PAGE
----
A Savage 1899A short rifle in .303 Savage caliber from May, 1905 (when it was proofed by Savage). I shoot it often and it looks good, too. The oldest that I've ever handled and shot, was an 1858 Remington .44 cap & ball revolver that my Grandad picked up in France along with some crappy old pinfires right after WWII. Seems right after the War Between the States, the Federal Government had a lot of these on hand and surplused them out, namely to European governments. How it survived all of the years in between with the many wars that involved France, I'll never know, but it was in remarkably good shape. It hung on the wall in a display in a motel that my Grandparents owned for many years. After they'd sold out and retired from the motel business, my Dad asked to have a look at the old gun (my Mom's Dad) and found that the trigger spring was cracked. We took it home, cleaned it up, and ordered a new spring from Dixie Gun Works. Shot it pretty regularly most of one summer with roundballs and FFFG. Really neat old gun (made in about 1864 or 1865). Sadly, my moronic uncle (a retired Army COL signal corps officer) could not STAND to see anyone else handling that old gun. He never cared a lick about it until we expressed an interest in it. At any rate, it now resides with him and his loneliness in Big Sky Country.
Link Posted: 5/16/2001 12:27:16 PM EST
1888 German Commission Rifle, built in 1890 in Danzig Germany. guns762
Link Posted: 5/16/2001 12:35:29 PM EST
Winchester Model 94, built in 1896. Family heirloom of sorts.... passed down from father to son... Gotta love those family traditions.
Link Posted: 5/17/2001 9:07:04 AM EST
I have a few really old revolvers. On is a Smith in 38 S&W. One of the others is a 22 short. Not sure what make I think H&R. & the other is a 32 I think I know it is an H&R. I know they aren't worth much but they are old & nice to have in the collection....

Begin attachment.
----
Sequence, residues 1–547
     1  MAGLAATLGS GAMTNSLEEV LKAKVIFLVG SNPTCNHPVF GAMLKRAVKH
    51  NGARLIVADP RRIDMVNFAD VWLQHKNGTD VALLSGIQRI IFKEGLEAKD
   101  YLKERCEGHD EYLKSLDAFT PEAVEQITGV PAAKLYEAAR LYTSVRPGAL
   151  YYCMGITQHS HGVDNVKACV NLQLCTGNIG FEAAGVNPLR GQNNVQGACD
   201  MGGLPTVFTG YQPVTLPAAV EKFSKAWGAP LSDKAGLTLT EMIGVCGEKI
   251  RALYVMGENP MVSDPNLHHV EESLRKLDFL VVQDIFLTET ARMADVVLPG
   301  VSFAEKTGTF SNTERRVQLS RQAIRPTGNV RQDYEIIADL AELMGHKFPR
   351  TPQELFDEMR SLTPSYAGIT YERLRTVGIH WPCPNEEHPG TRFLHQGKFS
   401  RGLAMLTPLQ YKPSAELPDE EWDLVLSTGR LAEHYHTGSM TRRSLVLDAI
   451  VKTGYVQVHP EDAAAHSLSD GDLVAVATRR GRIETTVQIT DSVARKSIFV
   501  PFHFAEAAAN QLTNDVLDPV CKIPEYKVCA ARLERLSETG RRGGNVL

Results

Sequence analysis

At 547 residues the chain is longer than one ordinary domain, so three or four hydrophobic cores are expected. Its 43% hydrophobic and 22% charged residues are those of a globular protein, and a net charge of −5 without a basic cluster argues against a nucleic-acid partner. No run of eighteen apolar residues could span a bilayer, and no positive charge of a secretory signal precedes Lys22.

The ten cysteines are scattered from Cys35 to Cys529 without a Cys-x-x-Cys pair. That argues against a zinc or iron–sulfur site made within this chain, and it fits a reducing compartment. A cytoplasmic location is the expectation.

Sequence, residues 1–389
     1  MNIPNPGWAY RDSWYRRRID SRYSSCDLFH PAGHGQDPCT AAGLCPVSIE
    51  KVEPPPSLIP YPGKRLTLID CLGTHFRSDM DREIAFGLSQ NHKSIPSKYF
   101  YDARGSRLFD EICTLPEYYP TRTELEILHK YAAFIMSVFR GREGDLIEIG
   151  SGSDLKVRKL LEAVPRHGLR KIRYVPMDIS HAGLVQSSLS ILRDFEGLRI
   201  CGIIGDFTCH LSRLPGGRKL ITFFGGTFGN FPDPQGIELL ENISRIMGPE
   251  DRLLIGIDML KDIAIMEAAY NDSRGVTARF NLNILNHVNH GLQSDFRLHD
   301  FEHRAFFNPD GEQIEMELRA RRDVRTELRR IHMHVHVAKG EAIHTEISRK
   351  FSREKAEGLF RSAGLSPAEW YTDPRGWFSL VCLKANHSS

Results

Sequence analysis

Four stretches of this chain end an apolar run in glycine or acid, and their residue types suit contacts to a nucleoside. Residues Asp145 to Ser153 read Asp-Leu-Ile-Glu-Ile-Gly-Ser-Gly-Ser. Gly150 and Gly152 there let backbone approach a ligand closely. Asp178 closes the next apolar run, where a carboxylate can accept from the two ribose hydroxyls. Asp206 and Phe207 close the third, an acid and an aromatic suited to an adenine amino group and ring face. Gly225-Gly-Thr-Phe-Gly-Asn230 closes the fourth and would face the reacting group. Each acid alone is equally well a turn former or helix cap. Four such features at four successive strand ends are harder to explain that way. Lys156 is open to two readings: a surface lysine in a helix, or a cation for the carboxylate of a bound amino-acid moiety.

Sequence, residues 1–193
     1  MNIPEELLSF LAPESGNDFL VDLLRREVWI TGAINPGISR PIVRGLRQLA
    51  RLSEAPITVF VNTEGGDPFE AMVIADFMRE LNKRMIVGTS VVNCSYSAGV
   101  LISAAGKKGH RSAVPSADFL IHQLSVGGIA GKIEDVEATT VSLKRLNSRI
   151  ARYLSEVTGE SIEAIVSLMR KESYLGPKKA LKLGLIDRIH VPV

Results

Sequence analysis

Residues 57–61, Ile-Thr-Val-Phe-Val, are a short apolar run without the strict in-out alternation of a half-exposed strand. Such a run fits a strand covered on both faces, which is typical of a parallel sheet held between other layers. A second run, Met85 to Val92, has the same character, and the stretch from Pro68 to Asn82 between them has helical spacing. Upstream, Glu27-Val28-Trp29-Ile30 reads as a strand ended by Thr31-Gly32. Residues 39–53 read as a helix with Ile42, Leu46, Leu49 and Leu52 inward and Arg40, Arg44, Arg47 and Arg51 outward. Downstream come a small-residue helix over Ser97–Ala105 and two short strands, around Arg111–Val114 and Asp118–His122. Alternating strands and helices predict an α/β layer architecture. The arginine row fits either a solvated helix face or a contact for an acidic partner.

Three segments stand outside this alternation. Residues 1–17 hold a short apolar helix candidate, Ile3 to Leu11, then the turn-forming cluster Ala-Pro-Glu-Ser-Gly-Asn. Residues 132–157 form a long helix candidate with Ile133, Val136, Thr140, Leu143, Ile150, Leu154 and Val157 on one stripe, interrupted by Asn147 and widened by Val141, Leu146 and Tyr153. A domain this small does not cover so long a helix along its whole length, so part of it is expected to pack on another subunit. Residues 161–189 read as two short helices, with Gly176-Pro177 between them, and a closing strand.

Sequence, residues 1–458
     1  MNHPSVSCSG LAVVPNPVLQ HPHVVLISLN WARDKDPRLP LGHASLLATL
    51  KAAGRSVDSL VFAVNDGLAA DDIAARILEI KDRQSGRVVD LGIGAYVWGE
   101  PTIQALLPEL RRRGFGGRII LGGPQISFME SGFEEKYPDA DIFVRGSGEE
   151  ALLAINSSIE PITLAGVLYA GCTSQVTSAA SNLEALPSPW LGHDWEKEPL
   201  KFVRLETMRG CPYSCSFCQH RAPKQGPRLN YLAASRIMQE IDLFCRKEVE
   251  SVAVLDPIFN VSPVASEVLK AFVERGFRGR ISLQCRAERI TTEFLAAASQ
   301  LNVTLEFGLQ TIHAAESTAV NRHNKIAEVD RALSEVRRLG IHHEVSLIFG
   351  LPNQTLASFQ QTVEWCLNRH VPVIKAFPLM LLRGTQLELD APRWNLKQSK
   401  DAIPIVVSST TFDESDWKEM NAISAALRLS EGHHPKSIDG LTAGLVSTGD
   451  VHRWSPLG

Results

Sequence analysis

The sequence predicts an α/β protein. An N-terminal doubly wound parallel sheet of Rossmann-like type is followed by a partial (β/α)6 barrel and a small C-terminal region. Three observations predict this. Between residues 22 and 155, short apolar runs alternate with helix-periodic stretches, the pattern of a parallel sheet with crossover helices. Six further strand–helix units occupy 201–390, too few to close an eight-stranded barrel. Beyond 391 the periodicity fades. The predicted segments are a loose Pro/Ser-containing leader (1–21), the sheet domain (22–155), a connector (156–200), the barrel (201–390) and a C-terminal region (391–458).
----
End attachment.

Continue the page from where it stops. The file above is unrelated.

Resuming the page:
Link Posted: 5/17/2001 12:04:57 PM EST
1941 Garand
Link Posted: 5/23/2001 7:02:02 PM EST
M-44 from 1946.
Link Posted: 5/24/2001 6:43:26 PM EST
I have an old flintlock smoothbore "fowling piece" that's "in the estate." It gets stored with some of the other antiques that got passed down from about six, seven generations. Not many details on it because it's just not something that I get out and look at. My other old guns are a Swede Oberndorf 1900 M-1896 and a Marlin pump action tube feed 22 LR from about 1925 that my dad bought used when he was a kid.
Link Posted: 5/25/2001 2:42:23 PM EST
My dad has a flintlock,I`m not sure what caliber but it`s smoothbore and friggin huge.He bought it at an auction when he was stationed in england about 1960 or so.I took it to a gun show and all I could learn about it was that it was a brown bess pattern made in france.It`s not dated but has a cartouche of a wasp or bee on the stock,I just got a digital camera yesterday so maybe I need to take some pix and find out more about it.It is in great shape and seems sound enough to be safe to fire but I would not attempt to do so until it has been evaluated for safety and value.Does anyone know of a website/board that specializes in such weapons?If so E-mail me at scottbox1@hotmail.com. Bossman
Link Posted: 5/26/2001 2:39:44 PM EST
Remington Pump .22 mfg in 1918 in centerfire, a 1942 mfg Garand David<
Link Posted: 5/30/2001 6:58:30 PM EST